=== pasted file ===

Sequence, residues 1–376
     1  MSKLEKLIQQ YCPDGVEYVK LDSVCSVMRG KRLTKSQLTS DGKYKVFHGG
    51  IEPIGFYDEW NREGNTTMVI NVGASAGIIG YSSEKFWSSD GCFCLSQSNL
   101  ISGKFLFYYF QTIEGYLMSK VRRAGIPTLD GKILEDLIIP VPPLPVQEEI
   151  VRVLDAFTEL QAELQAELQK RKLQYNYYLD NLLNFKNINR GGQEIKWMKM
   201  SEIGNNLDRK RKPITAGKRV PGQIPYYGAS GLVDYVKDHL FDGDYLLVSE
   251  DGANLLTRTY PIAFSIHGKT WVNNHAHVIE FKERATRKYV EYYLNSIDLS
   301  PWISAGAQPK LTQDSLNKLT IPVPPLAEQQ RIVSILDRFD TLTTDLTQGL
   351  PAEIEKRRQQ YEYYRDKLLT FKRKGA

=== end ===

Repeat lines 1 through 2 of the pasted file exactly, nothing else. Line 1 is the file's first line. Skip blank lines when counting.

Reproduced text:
Sequence, residues 1–376
     1  MSKLEKLIQQ YCPDGVEYVK LDSVCSVMRG KRLTKSQLTS DGKYKVFHGG